I get to speak!  I was lucky enough to have the opportunity to speak at HIMSS18 about physician suicide and burnout with Melissa McCool, CEO and Founder of Stellicare. I am fortunate to have the opportunity to share some of the work we’ve done in memory of my late husband. John Madsen died of suicide in 2015 and I noticed a lack of resources for our three children. Most physicians know someone that has died and there aren’t really easy ways to talk about the loss.

Please share your stories at Yesterday we launched, collecting more information about burnout, including providing community support tools. The mission of providing a memory honoring such a personal loss is hard to talk about. I am hoping our newly forming non profit has more partners and sponsors for increasing care for physicians after HIMSS. Our session, “Physician Suicide and Clinician Engagement Tools,” takes place on March 8 at 4 p.m. PST at the Venetian Convention Center, Palazzo L.

Power Press Party

I love meeting press leaders in Health IT. On the eve of HIMSS I am looking forward to the Power Press Party. Every year we have a party celebrating great healthIT accomplishments in Media and have early meetings with vendors. If you are in the media and will be there Sunday Night- make sure you register HERE. This year it is at the Hyde Bellagio and celebrates Momcology as a charity partner. We get to celebrate the good news of HealthIT and support pediatric cancer.  The Power Press Party is Sunday, March 4 from 5:30 to 8:15 PM PST.

Telehealth Presentations

I am interested in a few presentations about Telehealth, One of them is A Framework to Support Measure Development for Telehealth with Jason Goldwater and Judd Hollander on Wednesday from 8:30-9:30 AM. The other is Behavioral Health: A Launchpad for Enterprise Telehealth with Nathaniel Lacktman and Sarah Sossong Tuesday from 4 PM to 5 PM. There are great possibilities for telehealth increasing access to providers and allowing better access to specialists. From rural populations with little access to specialists to underserved populations who need better behavioral health support, telehealth has increased access to care and will get bigger.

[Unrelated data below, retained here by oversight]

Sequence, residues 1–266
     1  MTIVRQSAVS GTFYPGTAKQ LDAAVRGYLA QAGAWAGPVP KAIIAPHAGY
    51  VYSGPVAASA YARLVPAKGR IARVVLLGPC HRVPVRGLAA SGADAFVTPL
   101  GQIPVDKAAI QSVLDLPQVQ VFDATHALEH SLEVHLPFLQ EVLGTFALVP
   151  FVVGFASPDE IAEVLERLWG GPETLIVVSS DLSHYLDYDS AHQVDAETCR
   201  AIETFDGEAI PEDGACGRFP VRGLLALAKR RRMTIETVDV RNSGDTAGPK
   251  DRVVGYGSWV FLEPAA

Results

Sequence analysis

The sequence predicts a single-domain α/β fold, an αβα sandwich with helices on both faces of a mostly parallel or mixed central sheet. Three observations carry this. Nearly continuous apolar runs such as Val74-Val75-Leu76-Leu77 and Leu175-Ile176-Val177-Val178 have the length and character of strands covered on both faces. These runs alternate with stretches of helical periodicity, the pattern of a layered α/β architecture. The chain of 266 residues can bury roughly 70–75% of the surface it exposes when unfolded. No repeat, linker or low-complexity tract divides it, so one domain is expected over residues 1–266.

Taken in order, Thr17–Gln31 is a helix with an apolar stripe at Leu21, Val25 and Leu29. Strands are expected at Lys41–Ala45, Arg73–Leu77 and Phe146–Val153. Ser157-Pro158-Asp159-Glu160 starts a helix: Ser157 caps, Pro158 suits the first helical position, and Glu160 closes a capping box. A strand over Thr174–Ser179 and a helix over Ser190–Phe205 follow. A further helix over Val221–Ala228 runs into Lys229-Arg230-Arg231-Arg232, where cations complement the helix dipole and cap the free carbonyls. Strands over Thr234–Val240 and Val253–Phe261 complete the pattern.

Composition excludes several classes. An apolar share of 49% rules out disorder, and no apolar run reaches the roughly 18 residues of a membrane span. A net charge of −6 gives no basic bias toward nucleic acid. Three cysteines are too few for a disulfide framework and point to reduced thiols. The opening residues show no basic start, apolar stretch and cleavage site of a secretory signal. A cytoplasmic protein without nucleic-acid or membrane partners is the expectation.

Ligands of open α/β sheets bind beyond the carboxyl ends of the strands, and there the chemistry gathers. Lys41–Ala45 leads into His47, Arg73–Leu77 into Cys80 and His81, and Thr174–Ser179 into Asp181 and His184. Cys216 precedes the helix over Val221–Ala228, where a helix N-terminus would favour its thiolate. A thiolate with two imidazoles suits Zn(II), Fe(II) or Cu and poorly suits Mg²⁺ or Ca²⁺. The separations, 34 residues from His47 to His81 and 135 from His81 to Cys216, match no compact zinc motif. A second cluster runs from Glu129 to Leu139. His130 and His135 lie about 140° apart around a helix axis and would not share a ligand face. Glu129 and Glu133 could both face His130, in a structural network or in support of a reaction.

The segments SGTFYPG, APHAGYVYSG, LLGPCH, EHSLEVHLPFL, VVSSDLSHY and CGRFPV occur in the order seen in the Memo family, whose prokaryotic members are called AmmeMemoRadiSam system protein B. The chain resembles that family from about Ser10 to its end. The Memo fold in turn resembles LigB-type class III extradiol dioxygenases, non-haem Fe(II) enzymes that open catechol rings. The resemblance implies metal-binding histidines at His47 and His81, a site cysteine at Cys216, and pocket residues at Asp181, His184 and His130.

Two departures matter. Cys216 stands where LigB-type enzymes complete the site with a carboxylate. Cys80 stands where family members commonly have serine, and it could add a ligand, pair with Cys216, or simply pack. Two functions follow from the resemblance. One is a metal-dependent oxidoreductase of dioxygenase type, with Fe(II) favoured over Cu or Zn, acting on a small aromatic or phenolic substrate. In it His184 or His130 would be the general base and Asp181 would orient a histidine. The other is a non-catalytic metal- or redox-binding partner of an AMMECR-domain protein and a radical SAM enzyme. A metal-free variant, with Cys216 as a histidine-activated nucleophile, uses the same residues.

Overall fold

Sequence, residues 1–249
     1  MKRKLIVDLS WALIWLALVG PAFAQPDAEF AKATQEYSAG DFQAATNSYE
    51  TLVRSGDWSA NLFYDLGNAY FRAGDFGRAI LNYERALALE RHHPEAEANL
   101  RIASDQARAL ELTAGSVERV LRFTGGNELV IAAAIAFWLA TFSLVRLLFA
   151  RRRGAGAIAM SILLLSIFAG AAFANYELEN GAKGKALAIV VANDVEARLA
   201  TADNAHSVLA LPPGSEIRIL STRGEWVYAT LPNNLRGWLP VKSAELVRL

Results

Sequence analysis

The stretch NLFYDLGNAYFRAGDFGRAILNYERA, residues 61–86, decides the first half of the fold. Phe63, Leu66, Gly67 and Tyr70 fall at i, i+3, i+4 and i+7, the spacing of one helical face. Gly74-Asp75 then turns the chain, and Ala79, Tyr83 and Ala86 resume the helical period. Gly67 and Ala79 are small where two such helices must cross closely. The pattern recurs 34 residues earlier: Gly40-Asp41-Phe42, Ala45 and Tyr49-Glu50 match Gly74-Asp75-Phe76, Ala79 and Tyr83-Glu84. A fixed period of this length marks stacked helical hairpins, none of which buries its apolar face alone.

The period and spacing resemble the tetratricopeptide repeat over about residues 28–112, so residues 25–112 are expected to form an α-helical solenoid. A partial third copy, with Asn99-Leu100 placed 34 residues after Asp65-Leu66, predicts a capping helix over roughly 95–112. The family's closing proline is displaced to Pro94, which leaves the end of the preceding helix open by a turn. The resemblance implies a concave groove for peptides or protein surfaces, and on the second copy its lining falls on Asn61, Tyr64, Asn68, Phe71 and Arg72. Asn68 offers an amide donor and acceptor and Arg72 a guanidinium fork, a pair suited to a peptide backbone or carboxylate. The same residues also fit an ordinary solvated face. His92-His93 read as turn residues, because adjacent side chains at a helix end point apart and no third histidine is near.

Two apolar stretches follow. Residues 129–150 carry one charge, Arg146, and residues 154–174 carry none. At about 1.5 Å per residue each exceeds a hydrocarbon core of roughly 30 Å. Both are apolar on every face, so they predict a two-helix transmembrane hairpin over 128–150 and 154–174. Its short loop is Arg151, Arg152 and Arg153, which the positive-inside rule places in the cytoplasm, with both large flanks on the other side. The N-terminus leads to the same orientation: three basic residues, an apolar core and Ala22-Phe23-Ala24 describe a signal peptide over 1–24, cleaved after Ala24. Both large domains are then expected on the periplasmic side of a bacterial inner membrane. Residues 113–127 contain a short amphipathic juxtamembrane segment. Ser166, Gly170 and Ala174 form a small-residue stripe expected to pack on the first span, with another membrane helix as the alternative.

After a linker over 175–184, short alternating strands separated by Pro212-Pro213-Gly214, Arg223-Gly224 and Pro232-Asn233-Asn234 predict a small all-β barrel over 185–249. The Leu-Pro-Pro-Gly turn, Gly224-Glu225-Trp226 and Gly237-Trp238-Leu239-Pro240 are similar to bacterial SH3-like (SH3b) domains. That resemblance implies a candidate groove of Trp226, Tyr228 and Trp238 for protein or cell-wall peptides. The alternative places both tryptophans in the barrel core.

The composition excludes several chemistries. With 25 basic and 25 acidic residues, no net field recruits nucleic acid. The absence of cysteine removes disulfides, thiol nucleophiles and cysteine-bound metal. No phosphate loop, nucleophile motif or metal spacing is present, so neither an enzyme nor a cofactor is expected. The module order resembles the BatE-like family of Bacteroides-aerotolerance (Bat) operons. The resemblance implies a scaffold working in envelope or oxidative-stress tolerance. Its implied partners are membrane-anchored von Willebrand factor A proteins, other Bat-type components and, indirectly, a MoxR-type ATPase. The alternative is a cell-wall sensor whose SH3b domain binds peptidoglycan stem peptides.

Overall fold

Artificial Intelligence and Data Systems

Intersystems is a unified data platform for building scalable analytics platforms. They are also hosting workshops for FHIR and keynote speakers at their booth. I want to go see the presentation from Erid Widen, CEO of HBI solutions, about Predicting suicide and Opioid Abuse Using Clinical and Social Determinant Data. They are hosting this in their booth #4444 March 6 from 1 PM to 1:30 PM PST.  Innovation in Algorithms and data management is a key imperative to improving Health IT and HBI solutions has great innovations in data. If you know about companies that have great analytics I want to see what they are doing.  I will also go see CrossChx and meet their AI agent, Olive.

New Media Meetup